We’re at war in Iraq again. In an effort to prevent the brutal genocide of the Yazidi religious minority by ISIS, we began dropping humanitarian supplies on the refugees. That has now escalated to bombing of ISIS artillery. Right now, Obama is promising the engagement will be “limited”. We will see.
I’m away again this week, but thought I’d pop and note that the CIA, which previously pretended they weren’t spying on the Senate, did recently admit that they were spying on the Senate as the Senate prepared their report on the CIA’s torture program. This confirms my earlier judgement that the CIA is yet another rogue agency with a lying director, a distinction it now share’s with Obama’s NSA, IRS, DHS, ATF and Justice Department. I thus expect him to respond with the same lack of action.
The refusal of Obama to hold the members of these agencies accountable for their abuses tells you all you need to know about what he thinks of their actions.
Either the rule of law applies to the CIA or it doesn’t. And it’s now absolutely clear that it doesn’t. The agency can lie to the public; it can spy on the Senate; it can destroy the evidence of its war crimes; it can lie to its superiors about its torture techniques; it can lie about the results of those techniques. No one will ever be held to account. It is inconceivable that the United States would take this permissive position on torture with any other country or regime.
Over the course of Obama’s Presidency, there have been occasional rumblings to impeach him. These rumblings got a little attention a few weeks ago when Sarah Palin — who has no official position with the GOP — called for Obama to be impeached. But for the most part, the idea is being ignored. Conservatives are well aware that Democrats control enough of the Senate to block anything and that an impeachment fight would do little to benefit the country or them (even assuming appropriate “high crimes and misdemeanors” could be identified to fit the bill). You can peruse Hot Air, NRO, The Daily Caller, Town Hall … you’ll find little apart from shrugging. Conservative just aren’t that obsessed with the idea.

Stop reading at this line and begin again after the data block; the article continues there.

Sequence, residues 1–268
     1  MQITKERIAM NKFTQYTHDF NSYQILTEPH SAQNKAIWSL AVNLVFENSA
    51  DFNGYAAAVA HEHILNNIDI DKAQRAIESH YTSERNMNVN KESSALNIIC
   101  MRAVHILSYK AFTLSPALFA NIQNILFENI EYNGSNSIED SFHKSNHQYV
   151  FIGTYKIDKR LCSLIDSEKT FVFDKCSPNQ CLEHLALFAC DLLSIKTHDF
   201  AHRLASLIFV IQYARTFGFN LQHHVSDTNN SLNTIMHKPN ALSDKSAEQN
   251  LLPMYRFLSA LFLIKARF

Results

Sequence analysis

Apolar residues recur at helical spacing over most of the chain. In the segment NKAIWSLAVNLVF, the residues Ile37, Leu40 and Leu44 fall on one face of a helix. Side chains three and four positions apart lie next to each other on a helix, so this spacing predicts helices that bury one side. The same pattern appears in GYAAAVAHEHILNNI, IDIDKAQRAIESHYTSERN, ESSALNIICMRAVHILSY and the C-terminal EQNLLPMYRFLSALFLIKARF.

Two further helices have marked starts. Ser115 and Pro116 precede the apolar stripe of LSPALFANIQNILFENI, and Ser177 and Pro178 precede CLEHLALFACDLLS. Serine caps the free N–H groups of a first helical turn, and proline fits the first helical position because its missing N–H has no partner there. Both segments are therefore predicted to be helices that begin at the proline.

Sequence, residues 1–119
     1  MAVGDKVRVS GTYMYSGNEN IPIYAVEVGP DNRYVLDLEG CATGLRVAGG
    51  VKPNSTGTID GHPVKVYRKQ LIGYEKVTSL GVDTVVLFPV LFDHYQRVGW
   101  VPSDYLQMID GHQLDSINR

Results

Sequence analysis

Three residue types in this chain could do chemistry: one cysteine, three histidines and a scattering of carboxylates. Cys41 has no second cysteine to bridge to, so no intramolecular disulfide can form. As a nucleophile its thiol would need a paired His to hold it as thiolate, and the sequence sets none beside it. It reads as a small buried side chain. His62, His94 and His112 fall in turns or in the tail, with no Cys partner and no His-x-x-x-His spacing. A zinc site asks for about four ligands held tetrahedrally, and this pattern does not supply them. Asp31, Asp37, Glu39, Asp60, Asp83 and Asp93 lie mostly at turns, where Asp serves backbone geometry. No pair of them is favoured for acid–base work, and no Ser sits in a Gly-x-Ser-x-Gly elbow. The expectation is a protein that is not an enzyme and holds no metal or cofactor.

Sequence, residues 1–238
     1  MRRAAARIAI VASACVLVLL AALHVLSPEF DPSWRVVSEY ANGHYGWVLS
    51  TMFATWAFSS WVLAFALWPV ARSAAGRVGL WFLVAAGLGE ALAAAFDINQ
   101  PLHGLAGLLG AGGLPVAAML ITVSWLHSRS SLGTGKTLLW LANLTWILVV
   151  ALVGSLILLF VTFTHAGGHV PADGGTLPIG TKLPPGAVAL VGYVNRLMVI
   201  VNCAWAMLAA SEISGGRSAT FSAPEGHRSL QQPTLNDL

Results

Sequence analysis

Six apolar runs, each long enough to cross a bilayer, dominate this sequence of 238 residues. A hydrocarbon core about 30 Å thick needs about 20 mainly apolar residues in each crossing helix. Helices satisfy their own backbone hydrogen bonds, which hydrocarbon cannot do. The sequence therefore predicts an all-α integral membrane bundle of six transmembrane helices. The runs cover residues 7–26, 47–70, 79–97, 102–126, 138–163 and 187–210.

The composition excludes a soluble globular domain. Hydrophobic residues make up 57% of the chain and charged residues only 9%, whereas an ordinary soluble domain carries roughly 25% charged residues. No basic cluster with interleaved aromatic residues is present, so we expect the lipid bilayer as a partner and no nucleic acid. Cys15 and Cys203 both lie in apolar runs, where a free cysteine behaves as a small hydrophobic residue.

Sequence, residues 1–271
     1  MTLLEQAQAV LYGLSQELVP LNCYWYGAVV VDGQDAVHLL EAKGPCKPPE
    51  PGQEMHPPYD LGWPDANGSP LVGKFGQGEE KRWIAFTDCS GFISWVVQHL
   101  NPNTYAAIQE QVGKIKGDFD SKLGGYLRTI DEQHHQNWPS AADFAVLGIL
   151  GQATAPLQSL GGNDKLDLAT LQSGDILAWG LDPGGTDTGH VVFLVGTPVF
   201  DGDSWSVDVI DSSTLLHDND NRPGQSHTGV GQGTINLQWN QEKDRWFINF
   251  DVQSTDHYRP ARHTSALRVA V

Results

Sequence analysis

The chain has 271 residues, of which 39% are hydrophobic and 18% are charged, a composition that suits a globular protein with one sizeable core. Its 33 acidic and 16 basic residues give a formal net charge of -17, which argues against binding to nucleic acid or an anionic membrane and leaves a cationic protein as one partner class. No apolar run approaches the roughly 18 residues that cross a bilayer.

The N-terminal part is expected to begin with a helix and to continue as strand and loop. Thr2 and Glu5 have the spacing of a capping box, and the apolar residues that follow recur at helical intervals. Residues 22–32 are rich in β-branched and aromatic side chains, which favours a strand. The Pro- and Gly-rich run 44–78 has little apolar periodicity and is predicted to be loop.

You know who is obsessed with the idea? Liberals:
Consider, for example, the Sunlight Foundation’s Capitol Words database, which tracks words spoken in the House and Senate. So far in July, there have been 10 mentions of the term “impeachment” in Congress and four others of the term “impeach.” Eleven of the 14 mentions have been made by Democratic rather than Republican members of Congress, however.
Impeachment chatter has also become common on cable news. On Fox News this month, Sarah Palin, the former Alaska governor, called for Obama’s impeachment, for instance. But for every mention of impeachment on Fox News in July, there have been five on liberal-leaning MSNBC.
In July, Fox News mentioned impeachment 95 times, or about three times a day. MSNBC mentioned it 448 times. And the trend was only going up at the end of the month.
Now why is this becoming such a big thing among liberals? Well, need you ask:
The Democrats’ congressional campaign arm pulled in $2.1 million in online donations over the weekend — the best four-day haul of the current election cycle — largely propelled by fundraising pitches tied to speculation that House Republicans could pursue the impeachment of President Obama.
Democrats have consistently used impeachment — a prospect that has been floated by several prominent conservatives but has not been embraced by most of the Republican establishment — to fill their campaign coffers, and their polling has shown that fear of an impeachment attempt as well as the House GOP’s efforts to sue Obama have the potential to drive midterm voter turnout on the left.
Ding! Or maybe I should say “Ka-ching!”
This shouldn’t surprise anyone, of course. For as long as I can remember, the Democrats have run on the platform that the evil Republicans are going to take away social security, gut Medicare, start World War III, send your job to Mexico, destroy the environment, impeach Obama and cancel Arrested Development. Fear is what they do; security is what they offer. And both are lies.